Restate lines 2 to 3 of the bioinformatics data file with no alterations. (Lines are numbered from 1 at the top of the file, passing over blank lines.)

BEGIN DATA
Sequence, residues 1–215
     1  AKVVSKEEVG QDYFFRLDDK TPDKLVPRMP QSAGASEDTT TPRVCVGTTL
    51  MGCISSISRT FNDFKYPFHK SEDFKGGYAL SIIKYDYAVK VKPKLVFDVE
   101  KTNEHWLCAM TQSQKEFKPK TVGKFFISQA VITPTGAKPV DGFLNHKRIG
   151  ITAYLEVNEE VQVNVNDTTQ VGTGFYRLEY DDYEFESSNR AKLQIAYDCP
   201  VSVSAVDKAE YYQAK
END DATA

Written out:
     1  AKVVSKEEVG QDYFFRLDDK TPDKLVPRMP QSAGASEDTT TPRVCVGTTL
    51  MGCISSISRT FNDFKYPFHK SEDFKGGYAL SIIKYDYAVK VKPKLVFDVE